• Pick less packaging. Regardless of the marketing claims a product makes, you can have an immediate impact by buying goods that come wrapped as simply as possible. For starters, buy in bulk, choose concentrates, and pick products in containers you can easily recycle (hint: glass and cans are more easily recycled than plastic). Carting home your packages in your own bags helps reduce packaging, too.
  • Buy local. Avoid the higher energy costs involved in transporting goods long distances. Supporting local farmers and businesses also increases the likelihood that U.S. environmental and health laws and regulations will be followed.
Bottom Line: Ignore boasts that a product is eco-chic, earth-safe, or planet-neutral. Stick to the principles above to ensure that your Big Green Purse has the kind of big green impact that will make a difference where you shop and where you live.

Diane MacEachern is the author of Big Green Purse: Use Your Spending Power to Create a Cleaner, Greener World. Sign up for free green living tips at BigGreenPurse.com.

  

Thursday, April 7, 2011

Live Video Feed of Bald Eagle Babies

This is a live streaming feed of bald eagle parents watching over their new babies in Decorah, Iowa. Fascinating video!

If you'd like to learn more, the National Wildlife Federation has up-to-date information here.

(Note: if you're watching this at night, you can still see the nest because the camera turns to infrared.)



Webcam chat at Ustream

Tuesday, March 29, 2011

IDEAS FOR MOMS -- PBS Show that introduces your little ones to nature and the outdoors

"Wild Animal Baby Explorers" -- Check your local PBS station for airing details.

Monday, March 21, 2011

Sunday, March 20, 2011

Kids and Nature: Novel Idea

Guess this is one way you could teach your kids about nature ...

Wednesday, March 9, 2011

What to Do About High Gas Prices

I filled up my car this morning -- $20 more for a full tank since the end of 2010. Considering that we are likely going to see over $4.00/gallon this summer for gasoline, I suspect that the per gallon price won't return to last year's levels even after summer. Higher priced gasoline is here to stay -- partly because of markets and partly because oil production has peaked.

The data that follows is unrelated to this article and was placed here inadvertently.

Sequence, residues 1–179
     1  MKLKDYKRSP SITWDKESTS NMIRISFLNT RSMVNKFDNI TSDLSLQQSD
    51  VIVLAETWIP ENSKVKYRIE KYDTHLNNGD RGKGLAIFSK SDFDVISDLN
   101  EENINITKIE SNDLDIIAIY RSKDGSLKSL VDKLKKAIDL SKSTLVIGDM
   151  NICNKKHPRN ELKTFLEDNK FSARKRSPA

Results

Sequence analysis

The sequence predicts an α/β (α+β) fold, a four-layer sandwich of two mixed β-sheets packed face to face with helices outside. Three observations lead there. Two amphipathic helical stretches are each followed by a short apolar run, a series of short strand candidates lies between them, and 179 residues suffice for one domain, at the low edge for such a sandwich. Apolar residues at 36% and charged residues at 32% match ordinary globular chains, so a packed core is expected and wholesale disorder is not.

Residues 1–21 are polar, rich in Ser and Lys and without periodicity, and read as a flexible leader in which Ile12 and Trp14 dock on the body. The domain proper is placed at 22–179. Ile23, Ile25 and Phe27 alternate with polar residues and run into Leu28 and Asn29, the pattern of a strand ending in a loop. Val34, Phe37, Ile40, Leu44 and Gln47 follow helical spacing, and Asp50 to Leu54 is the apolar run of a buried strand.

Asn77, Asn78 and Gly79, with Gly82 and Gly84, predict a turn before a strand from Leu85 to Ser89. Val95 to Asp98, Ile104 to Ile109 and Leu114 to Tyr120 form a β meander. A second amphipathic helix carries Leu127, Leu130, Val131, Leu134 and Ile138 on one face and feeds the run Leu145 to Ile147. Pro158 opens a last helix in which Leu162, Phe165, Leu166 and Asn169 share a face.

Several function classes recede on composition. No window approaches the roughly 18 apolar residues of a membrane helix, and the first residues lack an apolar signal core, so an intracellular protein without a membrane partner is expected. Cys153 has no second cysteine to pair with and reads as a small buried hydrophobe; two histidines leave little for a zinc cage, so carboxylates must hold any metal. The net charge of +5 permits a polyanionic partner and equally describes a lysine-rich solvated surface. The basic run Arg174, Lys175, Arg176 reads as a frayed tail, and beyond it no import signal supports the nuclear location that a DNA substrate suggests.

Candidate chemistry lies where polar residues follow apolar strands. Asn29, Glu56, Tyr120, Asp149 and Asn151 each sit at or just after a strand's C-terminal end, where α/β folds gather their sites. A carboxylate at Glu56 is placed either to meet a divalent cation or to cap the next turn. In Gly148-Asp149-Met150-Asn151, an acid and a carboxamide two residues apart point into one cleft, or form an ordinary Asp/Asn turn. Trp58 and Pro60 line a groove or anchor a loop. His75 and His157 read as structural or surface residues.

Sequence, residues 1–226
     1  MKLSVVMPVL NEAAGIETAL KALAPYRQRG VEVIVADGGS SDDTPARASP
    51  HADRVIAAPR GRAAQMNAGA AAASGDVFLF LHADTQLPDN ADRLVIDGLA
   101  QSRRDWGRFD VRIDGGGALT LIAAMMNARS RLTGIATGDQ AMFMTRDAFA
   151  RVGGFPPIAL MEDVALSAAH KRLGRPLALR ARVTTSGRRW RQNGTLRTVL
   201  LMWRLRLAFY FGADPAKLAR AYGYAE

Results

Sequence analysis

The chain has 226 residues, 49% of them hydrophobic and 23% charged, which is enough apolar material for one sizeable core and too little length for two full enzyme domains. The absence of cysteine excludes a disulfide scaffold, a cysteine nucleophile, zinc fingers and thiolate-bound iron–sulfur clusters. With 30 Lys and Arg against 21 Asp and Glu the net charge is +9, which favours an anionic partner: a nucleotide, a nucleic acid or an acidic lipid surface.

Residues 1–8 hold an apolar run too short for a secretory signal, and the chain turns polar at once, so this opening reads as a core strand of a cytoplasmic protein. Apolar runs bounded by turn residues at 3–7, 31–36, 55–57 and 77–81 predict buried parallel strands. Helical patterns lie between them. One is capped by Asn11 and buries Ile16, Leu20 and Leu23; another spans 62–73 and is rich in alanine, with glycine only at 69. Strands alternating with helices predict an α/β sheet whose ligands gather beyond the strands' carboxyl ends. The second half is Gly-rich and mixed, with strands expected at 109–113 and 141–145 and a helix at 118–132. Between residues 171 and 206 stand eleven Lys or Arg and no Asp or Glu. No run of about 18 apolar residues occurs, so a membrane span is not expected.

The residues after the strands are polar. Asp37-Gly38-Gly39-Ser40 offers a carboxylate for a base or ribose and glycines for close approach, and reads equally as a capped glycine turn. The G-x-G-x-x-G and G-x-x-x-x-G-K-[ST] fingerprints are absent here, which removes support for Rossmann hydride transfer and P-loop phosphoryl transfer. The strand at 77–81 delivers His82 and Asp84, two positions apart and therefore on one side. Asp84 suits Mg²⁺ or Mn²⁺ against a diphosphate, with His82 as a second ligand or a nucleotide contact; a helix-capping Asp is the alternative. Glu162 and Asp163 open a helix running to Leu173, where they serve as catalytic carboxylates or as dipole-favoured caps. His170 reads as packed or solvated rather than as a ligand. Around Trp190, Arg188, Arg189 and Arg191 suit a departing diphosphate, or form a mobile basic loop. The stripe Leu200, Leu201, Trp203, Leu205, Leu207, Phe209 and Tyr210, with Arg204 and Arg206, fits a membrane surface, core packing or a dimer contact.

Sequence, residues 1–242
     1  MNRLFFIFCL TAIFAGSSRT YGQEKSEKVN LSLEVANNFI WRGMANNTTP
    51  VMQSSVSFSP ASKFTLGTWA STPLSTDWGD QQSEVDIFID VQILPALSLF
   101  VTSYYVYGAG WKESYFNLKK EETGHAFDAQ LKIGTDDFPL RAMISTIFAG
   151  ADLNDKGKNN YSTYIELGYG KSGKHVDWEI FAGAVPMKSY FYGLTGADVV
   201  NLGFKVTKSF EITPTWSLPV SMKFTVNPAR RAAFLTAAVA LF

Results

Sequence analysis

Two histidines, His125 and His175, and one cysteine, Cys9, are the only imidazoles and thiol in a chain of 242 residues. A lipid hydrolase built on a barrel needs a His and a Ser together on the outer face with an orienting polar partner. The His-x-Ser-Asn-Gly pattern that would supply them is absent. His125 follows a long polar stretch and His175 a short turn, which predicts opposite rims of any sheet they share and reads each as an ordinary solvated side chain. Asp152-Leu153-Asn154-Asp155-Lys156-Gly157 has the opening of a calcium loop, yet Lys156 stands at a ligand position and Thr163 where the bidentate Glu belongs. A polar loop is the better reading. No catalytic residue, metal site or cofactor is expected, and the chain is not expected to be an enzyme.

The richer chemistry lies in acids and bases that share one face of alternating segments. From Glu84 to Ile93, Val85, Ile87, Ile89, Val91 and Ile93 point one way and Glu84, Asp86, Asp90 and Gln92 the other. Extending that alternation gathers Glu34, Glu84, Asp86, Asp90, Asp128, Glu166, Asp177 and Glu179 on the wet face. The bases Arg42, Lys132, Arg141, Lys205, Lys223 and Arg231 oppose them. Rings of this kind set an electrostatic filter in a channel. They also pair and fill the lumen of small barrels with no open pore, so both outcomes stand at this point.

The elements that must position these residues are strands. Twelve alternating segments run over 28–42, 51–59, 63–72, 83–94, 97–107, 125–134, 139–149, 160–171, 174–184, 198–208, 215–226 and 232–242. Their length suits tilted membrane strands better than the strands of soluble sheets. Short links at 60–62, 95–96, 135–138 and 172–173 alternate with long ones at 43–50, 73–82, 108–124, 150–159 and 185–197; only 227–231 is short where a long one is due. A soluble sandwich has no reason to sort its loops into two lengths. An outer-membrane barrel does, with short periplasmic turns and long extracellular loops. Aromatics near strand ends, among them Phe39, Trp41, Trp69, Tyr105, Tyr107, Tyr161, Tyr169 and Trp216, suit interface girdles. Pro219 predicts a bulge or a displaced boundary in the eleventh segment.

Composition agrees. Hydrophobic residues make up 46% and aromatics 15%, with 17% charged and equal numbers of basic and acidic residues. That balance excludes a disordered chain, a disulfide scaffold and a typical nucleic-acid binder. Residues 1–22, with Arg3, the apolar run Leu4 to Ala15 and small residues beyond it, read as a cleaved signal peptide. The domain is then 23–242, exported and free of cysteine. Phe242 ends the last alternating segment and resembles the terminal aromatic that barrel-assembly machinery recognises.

For the future, there are mainly three paths we can take in reducing sticker shock at the pump: higher fuel efficiency, electric, and biofuels (fuels made from plants). It is important to know what each brings to the table and how it affects your pocketbook and the environment because politicians and government agencies are making decisions on where to give tax breaks and incentives based upon public comment, government reports, and lobbyists.

Increasing fuel efficiency of our vehicles through new technologies and, in many cases, downsizing our vehicle size is doable today. This also includes improving fuel efficiency for heavy trucks. Many of the newest consumer vehicles available, some not even hybrid, have significantly increased their fuel efficiency. If you are in the market for a new vehicle, you can go to www.fueleconomy.gov and compare fuel efficiency quite easily. Fuel efficiency, along with safety and durability, should be your main concerns for a new car to protect your family and your budget.

Electric: the automobile industry has taken electric plug-in vehicles by storm, and you will see more and more of these all-electric or hybrid electric plug-ins available for 2012-13 along with smart grid applications and more prolific plug-in charging stations. At www.fueleconomy.gov you can see how the government is breaking down fuel economy for these electric vehicles, based on new electric-fuel formulas. If you can afford the higher price, perhaps through the help of rebates, I highly recommend electric options.

On the biofuel side, what is probably the most confirming evidence of peaked oil is a new, draft report from the Environmental Protection Agency that looks to determine which of all the biofuels would be less harmful to the environment and most efficacious for public consumption (considering greenhouse gases, transportation, fuel efficiency, technologies, etc.) as alternatives to oil. A majority of non-diesel vehicles sold in the U.S. are now E85 (high ethanol fuel) compatible -- also called flex-fuel vehicles -- and can use these biofuels. A list is found here.  Of course, diesel used biofuel as well.